Monday, May 30, 2016

Book Review: Watch the Skies!

Watch the Skies! A Chronicle of the Flying Saucer Myth

© 1994 by Curtis Peebles

For the longest time – several years, really – I’ve had my eye on this book. A quick perusal long ago told me that Watch the Skies! spells out more the mythology of the UFO / flying saucer phenomenon than its history, usually fleshed out via extraordinary (as well as those bordering on the commonplace, it must be noted) eyewitness accounts.

This intrigued me to no end.

Now, every couple of years the flying saucer bug bites me. Sometimes seriously, as it did back in the early 2000s when, in a new apartment several hundred miles south of where I previously lived forever, I did some serious research into the subject in hopes that some great American novel would emerge from that granite block, a la Michelangelo chiseling away at the stone that become the Pieta. Well, that never happened, but I was able to put the sprawling beast into a user-friendly framework, a master catalogue of the nightmares and visions of the books I devoured as a youngling.

Anyway, I stumbled across the Peebles book about two weeks ago. Picked it up, and devoured it in a few days like it was one of those early gnarled paperbacks I discovered in the spookier sections of the local library where my mom worked.

And you know what? I liked it a lot.

The bottom line is that Watch the Skies! – the line taken, of course, from the final admonition from 1951’s The Thing from Another World – is skeptical toward the whole ETH (Extra-Terrestrial Hypothesis) explanation of UFOs. A skeptical book, but a gently skeptical one. A gentle book that treats its subject with soft, loving gloves, focusing on a more meta-psychological ever-evolving “myth” paradigm as opposed to the Grey aliens flying who-knows-how-many light years to get here to insert stuff up hapless victims’ butts.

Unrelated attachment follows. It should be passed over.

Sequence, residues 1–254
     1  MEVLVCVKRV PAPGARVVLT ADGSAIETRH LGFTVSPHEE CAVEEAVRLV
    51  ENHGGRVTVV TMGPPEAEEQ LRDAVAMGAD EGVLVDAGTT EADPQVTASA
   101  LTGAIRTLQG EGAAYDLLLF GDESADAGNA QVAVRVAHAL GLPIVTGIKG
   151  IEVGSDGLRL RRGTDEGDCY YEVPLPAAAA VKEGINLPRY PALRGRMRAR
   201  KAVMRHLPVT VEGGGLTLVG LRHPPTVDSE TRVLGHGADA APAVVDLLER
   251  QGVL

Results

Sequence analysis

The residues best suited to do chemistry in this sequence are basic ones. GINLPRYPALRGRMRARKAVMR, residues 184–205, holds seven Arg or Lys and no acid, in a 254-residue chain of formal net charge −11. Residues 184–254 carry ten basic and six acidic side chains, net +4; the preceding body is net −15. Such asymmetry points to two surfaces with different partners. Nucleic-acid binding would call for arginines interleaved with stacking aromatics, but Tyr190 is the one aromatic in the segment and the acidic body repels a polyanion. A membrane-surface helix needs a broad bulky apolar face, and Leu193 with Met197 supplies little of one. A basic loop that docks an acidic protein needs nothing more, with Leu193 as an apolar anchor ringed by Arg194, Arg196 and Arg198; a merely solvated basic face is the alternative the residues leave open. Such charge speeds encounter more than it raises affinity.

Ahem. That was a low blow. Or maybe not. I look wistfully upon the whole “nocturnal lights” and “daylight disks” of the Dr. J. Allen Hynek era with genuine fondness, and consider the whole UFO thing taking a really, really bad misstep sometime in the 80s with Whitley Strieber and Budd Hopkins and the whole abduction thing.

But back to Peebles’ book.

The “history” ranges from Kenneth Arnold’s June 1947 sighting (though the 1897 airship ‘flap’ is mentioned) up to the predominance and preponderance of the abduction phenomenon in the late 80s / early 90s. The author attempts to show – fairly successfully, though I don’t know if I’m a hundred percent convinced – how flaps often coincide with national or global crises … i.e. the Korean War, the Soviet Union gaining the H-Bomb and the threat of mutual destruction, Watergate and Viet Nam. And through it all, as our history and history with conflict evolved, so did the Myth, which Peebles traces from flying saucers > contactees > conspiracy theories (and NICAP’s raison d’etra) > crashed saucers / cattle mutilations / abductions. At each stage the characteristics of the myth grow, change, develop new offshoots, thunk hard into dead ends. At the end of each chapter such morphings are spelled out for the reader.

Like I said, I liked it. It was a pleasant stroll down memory lane, a lengthy revisit with old friends on the porch with bottomless pitchers of lemonade, a thoughtful nighttime look out the bedroom window past the picket-fenced field onto the starry skies – with some stars moving quite unnaturally. All with a new friend at your side, explaining things to you from a different angle, and the more you listen, the more you nod your head and say, “Yes. This is the way I think it is. This makes sense to me.”

Grade: A-minus.

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